New WMU center promoting diversity in primary health care workforce

contact: Mark Schwerin
| WMU News
Western Regional Area Health Education Center logo.

The new center is located at WMU's downtown Grand Rapids regional location.

GRAND RAPIDS, Mich.—A recently created center is taking aim at promoting diversity in primary health care providers, particularly in underserved communities.

The Western Regional Area Health Education Center, located in Western Michigan University's downtown Grand Rapids regional location, is partnering with numerous providers across Southwest Michigan to play an integral role in teaching and training the next generation of health professionals. The center is operated through WMU’s College of Health and Human Services in Kalamazoo.

About the program

The Area Health Education Center program was developed by the U.S. Congress in 1971 to recruit, train and retain a healthcare workforce committed to underserved populations. WMU's Western Regional Center was created in 2013 through an agreement with Wayne State University, which originally received funding from the Health Resources Services Administration to bring the Area Health Education Center program to Michigan.

One of five regional centers operating across Michigan, the Western Regional Center serves 19 counties, including Mason, Lake, Oceana, Newaygo, Muskegon, Ottawa, Kent, Allegan, Barry, Van Buren, Kalamazoo, Calhoun, Jackson, Berrien, Cass, St. Joseph, Branch, Hillsdale and Lenawee counties.

"The mission is to increase the size and diversity of the primary care workforce in medically underserved and health-care-provider shortage areas," says Lisa Brennan, executive director of the Western Regional Center.

That workforce includes everything from traditional family practice medical doctors to occupational therapists, obstetricians and gynecologists, physical therapists, speech pathologists and audiologists, psychologists, social workers and more, Brennan says.

"When they say, 'to increase the size and diversity of the primary care workforce,' they're not just looking at doctors and nurses," Brennan notes. "We really want to diversify the pool of candidates. So we're looking at the underrepresented, disadvantaged minority students and getting them into health care training programs to become our next OTs and PTs and speech pathologists and social workers."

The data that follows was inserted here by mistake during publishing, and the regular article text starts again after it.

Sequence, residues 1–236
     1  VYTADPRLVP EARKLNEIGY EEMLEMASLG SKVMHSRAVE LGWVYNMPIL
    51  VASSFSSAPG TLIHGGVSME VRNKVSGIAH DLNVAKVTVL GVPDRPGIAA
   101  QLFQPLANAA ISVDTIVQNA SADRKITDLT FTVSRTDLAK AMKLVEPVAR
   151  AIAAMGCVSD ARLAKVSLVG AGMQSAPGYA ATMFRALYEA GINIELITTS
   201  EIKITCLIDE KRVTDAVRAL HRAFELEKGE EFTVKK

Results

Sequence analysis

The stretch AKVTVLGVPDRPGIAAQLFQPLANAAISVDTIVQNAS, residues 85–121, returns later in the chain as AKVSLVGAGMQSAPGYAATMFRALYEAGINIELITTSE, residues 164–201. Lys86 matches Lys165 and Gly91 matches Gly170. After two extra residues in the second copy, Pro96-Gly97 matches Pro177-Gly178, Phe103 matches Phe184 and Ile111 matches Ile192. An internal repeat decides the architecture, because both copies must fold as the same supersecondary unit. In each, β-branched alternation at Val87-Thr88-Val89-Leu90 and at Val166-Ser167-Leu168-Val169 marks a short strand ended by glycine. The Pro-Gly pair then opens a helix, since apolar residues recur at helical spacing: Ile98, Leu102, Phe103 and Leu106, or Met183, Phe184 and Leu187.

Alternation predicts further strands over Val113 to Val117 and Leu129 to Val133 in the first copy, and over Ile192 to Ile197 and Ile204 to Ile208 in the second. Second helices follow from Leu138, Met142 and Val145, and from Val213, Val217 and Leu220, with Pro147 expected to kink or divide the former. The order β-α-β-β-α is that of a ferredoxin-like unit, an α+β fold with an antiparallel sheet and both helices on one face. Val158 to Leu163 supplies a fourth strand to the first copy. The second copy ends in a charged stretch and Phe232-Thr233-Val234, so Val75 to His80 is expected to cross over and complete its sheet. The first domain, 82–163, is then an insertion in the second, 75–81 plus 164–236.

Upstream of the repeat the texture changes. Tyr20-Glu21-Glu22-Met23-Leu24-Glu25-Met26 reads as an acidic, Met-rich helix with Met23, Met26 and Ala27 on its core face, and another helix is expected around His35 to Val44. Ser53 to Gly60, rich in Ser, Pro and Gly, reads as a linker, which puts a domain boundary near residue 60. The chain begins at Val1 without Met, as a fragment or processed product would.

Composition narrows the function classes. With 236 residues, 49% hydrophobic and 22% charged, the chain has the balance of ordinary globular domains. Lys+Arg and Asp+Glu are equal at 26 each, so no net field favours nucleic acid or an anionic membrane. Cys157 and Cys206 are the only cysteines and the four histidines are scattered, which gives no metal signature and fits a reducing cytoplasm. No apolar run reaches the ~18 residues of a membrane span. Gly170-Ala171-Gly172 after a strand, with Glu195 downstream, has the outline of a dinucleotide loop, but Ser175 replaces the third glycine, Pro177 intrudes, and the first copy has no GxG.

The Western Regional Center is funded through a combination of grants from the Health Resources Services Administration, the WMU College of Health and Human Services and other sources. Those grants have totaled $819,000 since its inception. In addition to Brennan, the office is staffed by Melissa Ponstein, program manager, and Olivia Lanctot, program assistant.

Three Pillars

AHEC is underpinned by three pillars:

  • Recruitment—The center works extensively with middle school and high school students to try to expose them to careers that would land them in postsecondary training programs in health fields. Efforts are not limited to traditional students, however, and are also aimed at displaced workers, veterans and others looking for a new career.
  • Placement—The center works closely with community partners to place postsecondary and graduate students in medically underserved and health-care- provider shortage areas for their clinical rotations. The goal is that, if students are introduced to underserved rural or urban areas, they will go back there to practice their profession.
  • Retention—The center uses a variety of strategies to keep primary care providers in underserved areas. Those include using distance learning technology to connect with professionals and provide continuing education and professional development on pertinent topics. Examples include live video streaming of conferences and professional development opportunities to providers at AHEC's other four centers across Michigan.

AHEC utilizes additional strategies to boost placement and retention in medically underserved areas, such as applying with the National Health Service Corps to provide up to two years of student loan repayments if the graduate sets up shop in designated areas.

Brennan says the center also partners through its 20-member community advisory board comprised of constituents throughout its 19-county region. Members include upper-level health care providers, social service representatives, educators and others to help advise the center and run AHEC's programs.

"The forecast is for a severe shortage of health care workers in certain areas," Brennan says. "People are starting to retire and we don't have enough graduates to fill the void."

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